Hanley v. Attorney General of the State of Alabama, The
MEMORANDUM OPINION. Signed by Judge Madeline Hughes Haikala on 9/20/2016. (KEK)
2016 Sep-20 PM 01:01
U.S. DISTRICT COURT
N.D. OF ALABAMA
UNITED STATES DISTRICT COURT
FOR THE NORTHERN DISTRICT OF ALABAMA
HENRY BUTLER HANLEY, II,
THE ATTORNEY GENERAL FOR THE )
STATE OF ALABAMA,
Case Number: 7:13-cv 00838-MHH-JHE
On February 26, 2016, the magistrate judge entered a report in which he
recommended that Court deny Mr. Hanly’s petition for writ of habeas corpus and
dismiss the petition with prejudice. (Doc. 11). The magistrate judge advised Mr.
Hanly that he had the right to file objections to the report and recommendations
within fourteen days. (Doc. 11, p. 12). The Court received Mr. Hanly’s objections
on April 28, 2016, but Mr. Hanly signed the objections on March 8, 2016. (Doc.
12, p. 6). The Court has considered the merits of Mr. Hanly’s opposition to the
report and recommendation.1
When a party objects to a report and recommendation, the district court must
“make a de novo determination of those portions of the report or specified
proposed findings or recommendations to which objection is made.” 28 U.S.C. §
Mr. Hanly filed a notice in which he asserted that he mailed his objections within the 14
day objection period. (Doc. 13). The Court has assumed that Mr. Hanly filed his objections on
636(b)(1)(B)-(C). The Court reviews de novo legal conclusions in a report and
reviews for clear error factual findings to which no objection is made. Garvey v.
Vaughn, 993 F.2d 776, 779 n.9 (11th Cir. 1993); see also LoConte v. Dugger, 847
F.2d 745, 749 (11th Cir. 1988); Macort v. Prem, Inc., 208 Fed. Appx. 781, 784
(11th Cir. 2006). A district court “may accept, reject, or modify, in whole or part,
the findings or recommendations made by the magistrate judge.” 28 U.S.C. §
The Court has considered the record in this case, paying special attention to
the report and recommendation and Mr. Hanly’s opposition to that report. The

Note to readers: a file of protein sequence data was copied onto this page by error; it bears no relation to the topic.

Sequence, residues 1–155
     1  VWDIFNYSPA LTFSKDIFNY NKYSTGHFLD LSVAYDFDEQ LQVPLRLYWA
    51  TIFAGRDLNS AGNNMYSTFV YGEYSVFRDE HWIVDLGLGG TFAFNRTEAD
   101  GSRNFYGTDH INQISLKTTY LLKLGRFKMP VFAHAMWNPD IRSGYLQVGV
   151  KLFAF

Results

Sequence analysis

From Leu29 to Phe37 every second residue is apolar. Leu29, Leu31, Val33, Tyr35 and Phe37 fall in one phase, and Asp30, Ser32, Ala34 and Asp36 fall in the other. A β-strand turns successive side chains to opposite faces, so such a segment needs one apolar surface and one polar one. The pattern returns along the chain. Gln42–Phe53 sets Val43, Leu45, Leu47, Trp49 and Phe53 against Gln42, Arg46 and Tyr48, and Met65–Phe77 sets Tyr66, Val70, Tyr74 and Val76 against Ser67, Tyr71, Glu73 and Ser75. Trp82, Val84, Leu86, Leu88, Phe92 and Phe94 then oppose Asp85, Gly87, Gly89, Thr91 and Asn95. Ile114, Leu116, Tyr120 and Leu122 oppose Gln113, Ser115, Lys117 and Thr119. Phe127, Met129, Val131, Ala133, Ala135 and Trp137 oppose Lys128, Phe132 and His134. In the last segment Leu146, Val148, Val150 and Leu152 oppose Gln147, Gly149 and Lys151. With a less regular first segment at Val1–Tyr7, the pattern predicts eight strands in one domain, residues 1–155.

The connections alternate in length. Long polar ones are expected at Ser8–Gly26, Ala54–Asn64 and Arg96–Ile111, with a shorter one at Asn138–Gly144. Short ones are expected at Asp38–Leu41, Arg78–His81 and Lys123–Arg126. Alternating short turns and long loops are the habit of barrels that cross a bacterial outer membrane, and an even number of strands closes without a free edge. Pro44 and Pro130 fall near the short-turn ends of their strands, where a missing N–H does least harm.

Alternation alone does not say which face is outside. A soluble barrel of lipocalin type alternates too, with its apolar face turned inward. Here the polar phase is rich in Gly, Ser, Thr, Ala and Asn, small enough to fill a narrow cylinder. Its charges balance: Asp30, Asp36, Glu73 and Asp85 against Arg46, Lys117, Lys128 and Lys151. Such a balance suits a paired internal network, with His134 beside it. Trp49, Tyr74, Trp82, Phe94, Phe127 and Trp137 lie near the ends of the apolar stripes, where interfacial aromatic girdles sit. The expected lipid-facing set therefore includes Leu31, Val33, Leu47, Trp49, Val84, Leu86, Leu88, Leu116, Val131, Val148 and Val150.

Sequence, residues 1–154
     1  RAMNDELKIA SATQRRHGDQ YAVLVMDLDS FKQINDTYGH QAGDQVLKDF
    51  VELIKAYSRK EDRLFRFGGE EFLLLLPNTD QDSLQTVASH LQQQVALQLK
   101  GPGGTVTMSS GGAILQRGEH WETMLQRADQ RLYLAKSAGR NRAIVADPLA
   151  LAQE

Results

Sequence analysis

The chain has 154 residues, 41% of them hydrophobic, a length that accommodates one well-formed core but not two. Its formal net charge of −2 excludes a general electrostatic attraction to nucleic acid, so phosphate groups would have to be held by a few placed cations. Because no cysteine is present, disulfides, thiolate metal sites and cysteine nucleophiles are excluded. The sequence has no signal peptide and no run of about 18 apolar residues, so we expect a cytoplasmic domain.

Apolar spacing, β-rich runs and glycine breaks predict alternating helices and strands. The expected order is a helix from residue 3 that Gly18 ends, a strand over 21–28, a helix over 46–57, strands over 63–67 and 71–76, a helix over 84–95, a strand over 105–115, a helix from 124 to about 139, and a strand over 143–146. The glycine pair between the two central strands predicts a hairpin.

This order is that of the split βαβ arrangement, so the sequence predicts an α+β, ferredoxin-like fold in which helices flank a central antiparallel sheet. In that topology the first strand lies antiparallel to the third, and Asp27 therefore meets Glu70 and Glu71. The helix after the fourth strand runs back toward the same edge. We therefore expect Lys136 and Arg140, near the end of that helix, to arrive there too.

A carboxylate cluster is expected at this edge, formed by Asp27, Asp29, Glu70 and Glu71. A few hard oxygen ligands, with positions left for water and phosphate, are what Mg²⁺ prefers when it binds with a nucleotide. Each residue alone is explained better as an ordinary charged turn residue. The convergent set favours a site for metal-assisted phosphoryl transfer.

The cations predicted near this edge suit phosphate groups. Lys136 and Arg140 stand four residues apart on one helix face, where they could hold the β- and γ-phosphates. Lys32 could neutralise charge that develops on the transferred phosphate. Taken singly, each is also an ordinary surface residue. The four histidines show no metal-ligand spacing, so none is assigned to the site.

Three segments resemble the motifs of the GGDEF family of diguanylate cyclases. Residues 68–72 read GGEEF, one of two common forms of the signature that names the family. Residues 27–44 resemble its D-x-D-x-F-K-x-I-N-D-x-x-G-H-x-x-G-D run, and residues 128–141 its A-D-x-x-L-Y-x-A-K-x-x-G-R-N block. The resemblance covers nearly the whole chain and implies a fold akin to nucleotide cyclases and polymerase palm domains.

Court overrules Mr. Hanly’s objections. The Court finds no errors of law in the
report, and the Court finds no factual errors either.
Therefore, the Court accepts the report and agrees with the magistrate
judge’s recommendation that the Court should dismiss the habeas corpus petition.
The Court will enter a separate final order.
This Court may issue a certificate of appealability “only if the applicant has
a made a substantial showing of the denial of a constitutional right.” 28 U.S.C.
2253(c)(2). To make such a showing, a “petitioner must demonstrate that
reasonable jurists would find the district court’s assessment of the constitutional
claims debatable or wrong,” Slack v. McDaniel, 529 U.S. 473, 484 (2000), or that
“the issues presented were adequate to deserve encouragement to proceed further.”
Miller-El v. Cockrell, 537 U.S. 322, 336 (2003) (internal quotations omitted). Mr.
Hanly’s claims do not satisfy either standard.
The Court advises Mr. Hanly that under Federal Rule of Appellate
Procedure 22(b), he may seek a certificate of appealability from the Eleventh
Circuit Court of Appeals. See Fed. R. App. P. 22(b)(1) (“If the district judge has
denied the certificate, the applicant may request a circuit judge to issue it.”); see
also Fed. R. App. P. 22(b)(2) (“A request addressed to the court of appeals may be
considered by a circuit judge or judges, as the court prescribes. If no express
request for a certificate is filed, the notice of appeal constitutes a request addressed
to the judges of the court of appeals.”).
DONE and ORDERED this September 20, 2016.
MADELINE HUGHES HAIKALA
UNITED STATES DISTRICT JUDGE
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